Articles, Blogs, Whitepapers, Webinars, and Other Resources
What Is Workforce Readiness?
From an HR perspective, workplace readiness refers to the competence and willingness of employees to change and adapt according to the needs of the workplace. Not everyone enters the workplace with all the skills that they will need to do their jobs, or at every stage of their career. Even the organization won’t stay the same as policies and the environment changes.
Measuring workforce readiness means understanding whether your employees are willing to learn new skills and respond to unique challenges and unfamiliar situations that they may come across during their work.
The HR department plays a major role in measuring workforce readiness and raising awareness about it. Their role is critical to ensuring that the company has all the skills it will need in the long-term prospect. This includes technical skills, interpersonal skills, and strategic skills. Their job is to define standards and performance levels for the workforce and ensure that each employee meets those expectations.
Learning New Technology
Workforce readiness is critical to ensuring that your company has the technological literacy and skills required to compete in the marketplace. The lifecycle of any technology is pretty short-lived. While in the past companies might have expected their employees to transition to a new technology once in 10 or 15 years, today, employees are expected to acquire new skills every couple of years.
In the drive to simplify and streamline organizational processes, new technology systems, applications, tools, and platforms have become a part of the modern workplace. Employees need to be ready to learn these new systems if they are to be considered as a valuable asset for the company.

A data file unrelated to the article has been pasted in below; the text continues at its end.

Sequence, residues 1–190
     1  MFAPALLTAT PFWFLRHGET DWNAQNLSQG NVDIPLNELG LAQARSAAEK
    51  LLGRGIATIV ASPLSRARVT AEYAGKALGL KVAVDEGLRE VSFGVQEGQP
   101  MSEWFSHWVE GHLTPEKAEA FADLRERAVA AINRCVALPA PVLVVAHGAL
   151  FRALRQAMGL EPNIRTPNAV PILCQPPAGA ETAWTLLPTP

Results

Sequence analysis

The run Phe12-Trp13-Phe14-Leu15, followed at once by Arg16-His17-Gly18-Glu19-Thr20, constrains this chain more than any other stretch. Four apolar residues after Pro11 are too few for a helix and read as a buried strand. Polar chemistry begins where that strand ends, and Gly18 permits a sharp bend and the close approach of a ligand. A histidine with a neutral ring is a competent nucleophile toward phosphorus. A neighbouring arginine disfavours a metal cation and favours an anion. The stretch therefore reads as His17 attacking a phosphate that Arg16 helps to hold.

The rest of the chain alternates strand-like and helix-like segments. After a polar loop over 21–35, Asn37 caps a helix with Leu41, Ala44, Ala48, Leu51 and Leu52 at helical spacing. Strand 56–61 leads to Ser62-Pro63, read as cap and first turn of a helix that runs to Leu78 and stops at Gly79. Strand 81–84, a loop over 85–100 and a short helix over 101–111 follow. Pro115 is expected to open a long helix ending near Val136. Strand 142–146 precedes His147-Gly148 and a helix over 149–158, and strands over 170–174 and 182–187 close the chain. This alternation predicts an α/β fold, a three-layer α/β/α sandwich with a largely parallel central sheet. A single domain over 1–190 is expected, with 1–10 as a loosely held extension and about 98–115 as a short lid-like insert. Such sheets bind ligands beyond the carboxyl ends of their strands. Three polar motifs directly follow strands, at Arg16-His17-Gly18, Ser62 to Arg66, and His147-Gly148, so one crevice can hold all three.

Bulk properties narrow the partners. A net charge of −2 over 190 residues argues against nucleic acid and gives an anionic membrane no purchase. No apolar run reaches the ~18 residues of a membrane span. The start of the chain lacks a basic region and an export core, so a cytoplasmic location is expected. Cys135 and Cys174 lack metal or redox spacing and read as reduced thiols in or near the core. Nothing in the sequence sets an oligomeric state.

In the dynamic environment that companies operate in nowadays, it is common for new challenges and opportunities to come up from time to time. Even within a single business year, a new opportunity might require a change of plans. In this situation, what makes a real difference to the company is the ability of the employees to reorganize and implement new plans efficiently.
Implementing plans requires grappling with an unfamiliar situation. It also requires employees from different parts of the organization to work together, create new systems, and perform beyond the call of duty. They need to find new resources to get the job done, all of this while keeping control over time and budget.
Challenges are commonplace in the modern workplace, and most of the workforce already expects it to be part of the daily grind. However, not all employees are ready to embrace challenges as an opportunity to expand their skills and knowledge. In fact, most employees and even managers may try to impose a familiar solution on a new challenge, which does not produce any good results.
When there is workforce readiness, the employees are motivated to take up new challenges because they know that these challenges are going to teach them about the business environment and the skills they need to become a problem solver. More importantly, the organization is also ready to invest in these employees to equip them with the skills of self-learning and making resources available to them.
Workplace readiness may be a new concept to many HR managers, but it is highly relevant in the current scenario. The economic conditions are changing more frequently than ever before, presenting high risks of cost-cutting, layoffs, and slashing benefits. This creates challenges for senior employees as well as much younger ones. In order to survive in such a challenging climate, both organizations and employees have to ensure workforce readiness to overcome these challenges better than their competitors.